As a result of your influence, you don’t need to utilize a hard sell, so others will be more inclined to join your ideas since they know how valuable you are. It’s the ability to be forceful without being pushy. In international business, it’s an important skill to pitch for new business, negotiate deals, and get everyone on board. That’s why it’s an essential component of Hult’s leadership training.

Adaptive Thinking

You must be confident enough to respond and adapt swiftly in today’s VUCA business environment when you must think “out of the box” to resolve issues. Adaptive thinkers flourish in an ever-changing world, making themselves ideal candidates for global success. But how can you improve your adaptive thinking abilities?

Curiosity, humility, and impulse control are all the qualities that foster adaptive thinking. Adaptive thinking entails making thoughtful action rather than giving in to impulse when a fast response is required in a critical business scenario. It also entails acknowledging the fact that old solutions no longer fit the purpose.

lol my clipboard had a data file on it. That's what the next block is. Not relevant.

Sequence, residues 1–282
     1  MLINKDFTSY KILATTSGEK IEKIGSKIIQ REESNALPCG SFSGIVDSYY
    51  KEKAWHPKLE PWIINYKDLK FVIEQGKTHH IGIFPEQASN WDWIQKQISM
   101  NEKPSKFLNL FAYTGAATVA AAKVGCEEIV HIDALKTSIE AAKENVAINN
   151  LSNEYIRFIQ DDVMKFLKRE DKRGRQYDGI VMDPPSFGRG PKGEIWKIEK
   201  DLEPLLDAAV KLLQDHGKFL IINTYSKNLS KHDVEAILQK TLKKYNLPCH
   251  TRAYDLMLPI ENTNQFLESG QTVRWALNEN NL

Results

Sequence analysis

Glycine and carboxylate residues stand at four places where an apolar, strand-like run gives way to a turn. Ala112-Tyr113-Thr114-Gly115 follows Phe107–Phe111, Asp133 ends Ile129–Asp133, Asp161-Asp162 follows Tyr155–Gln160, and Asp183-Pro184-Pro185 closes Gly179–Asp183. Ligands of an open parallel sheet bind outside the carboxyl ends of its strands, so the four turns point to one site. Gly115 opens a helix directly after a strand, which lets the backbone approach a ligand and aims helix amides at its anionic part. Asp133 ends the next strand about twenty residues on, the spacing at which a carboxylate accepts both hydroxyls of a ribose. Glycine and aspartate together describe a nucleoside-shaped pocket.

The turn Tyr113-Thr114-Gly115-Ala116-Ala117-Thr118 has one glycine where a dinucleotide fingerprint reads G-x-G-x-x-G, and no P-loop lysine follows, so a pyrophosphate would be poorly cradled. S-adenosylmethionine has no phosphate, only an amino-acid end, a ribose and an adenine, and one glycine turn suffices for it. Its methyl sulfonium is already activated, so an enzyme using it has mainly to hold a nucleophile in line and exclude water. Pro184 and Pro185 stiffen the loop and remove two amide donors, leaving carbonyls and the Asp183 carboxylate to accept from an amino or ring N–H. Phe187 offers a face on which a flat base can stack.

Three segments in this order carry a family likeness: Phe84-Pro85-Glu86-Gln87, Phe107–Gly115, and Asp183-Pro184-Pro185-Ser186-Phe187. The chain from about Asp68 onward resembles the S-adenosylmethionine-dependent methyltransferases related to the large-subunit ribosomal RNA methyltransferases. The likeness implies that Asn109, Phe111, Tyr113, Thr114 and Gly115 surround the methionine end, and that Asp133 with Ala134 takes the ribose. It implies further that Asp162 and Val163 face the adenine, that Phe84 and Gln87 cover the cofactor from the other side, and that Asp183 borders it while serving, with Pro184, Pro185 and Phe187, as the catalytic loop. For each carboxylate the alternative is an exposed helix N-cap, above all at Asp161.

Adaptive thinking was formerly the purview of military bosses, who were expected to take decisive action in times of danger and uncertainty. Global professionals now require adaptable thinking as a tactical competence.

Emotional Intelligence

You’re more likely to hear people referring to “EQ” in today’s HR language rather than “IQ.” When it comes to how to conduct international trade, strong emotional intelligence is recognized as a key capacity. That’s because it affects almost every business encounter.

People with excellent emotional intelligence are self-aware and in control of their emotions, which means they are better able to handle critical or stressful business situations while also adjusting readily to a change. They’re also capable of cooperating effectively, as shown by good communication and collaboration skills combined with a strong sense of compassion.